At Last — the U.S. Air Force Is Getting a New Bomber

It’s official. After years of development, the U.S. Air Force has chosen Northrop Grumman over a Lockheed-Boeing consortium to build the service’s next long-range bomber.

On Oct. 27, the flying branch announced that it would pay the Virginia-based plane maker more than $21.4 billion to start engineering and manufacturing development — an early phase before large scale production — for the new Long Range Strike Bomber, or LRS-B.

The Pentagon plans to buy a total of 100 of the heavy-hitting aircraft to replace the 76 aging B-52 Stratofortresses and some of the 62 faster-flying B-1 “Bones” now in service.

“The LRS-B will provide flexibility as a dual capable bomber carrying both conventional and nuclear weapons, as well as the strategic agility our nation needs to respond to emerging threats and an uncertain future,” Air Force chief Gen. Mark Welsh told reporters at the Pentagon.

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Beyond the buzzwords, Air Force officials refused to reveal further details about the project’s requirements, its features or how many prototypes Northrop Grumman may have already built as part of the competition.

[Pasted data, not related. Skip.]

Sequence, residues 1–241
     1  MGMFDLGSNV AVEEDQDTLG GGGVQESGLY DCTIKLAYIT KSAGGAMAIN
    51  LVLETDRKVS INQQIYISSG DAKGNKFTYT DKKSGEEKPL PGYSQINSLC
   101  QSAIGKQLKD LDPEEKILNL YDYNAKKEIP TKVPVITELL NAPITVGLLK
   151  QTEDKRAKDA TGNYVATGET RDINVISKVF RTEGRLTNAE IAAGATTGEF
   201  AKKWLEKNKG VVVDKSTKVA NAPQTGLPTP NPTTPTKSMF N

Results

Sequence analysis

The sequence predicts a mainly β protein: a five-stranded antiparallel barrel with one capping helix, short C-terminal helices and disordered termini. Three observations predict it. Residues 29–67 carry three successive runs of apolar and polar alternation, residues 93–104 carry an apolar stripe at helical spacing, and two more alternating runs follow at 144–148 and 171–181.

The flying branch expects to get 21 aircraft — currently valued at $564 million dollars each — in the first five lots and have them start entering service sometime around 2025.

The Pentagon did not offer a cost estimate for the complete program or how much taxpayers will have to shell out over the full service life of the bombers. However, the Office of the Secretary of Defense’s Cost Assessment and Program Evaluation and the Air Force’s Cost Analysis Agency both conducted independent reviews.

While we don’t know what the number was, officials at the briefing said the flying branch’s review was two percent higher and used as the final estimate. The Pentagon has already spent nearly $2 billion on undefined “risk reduction activities” to help keep costs down.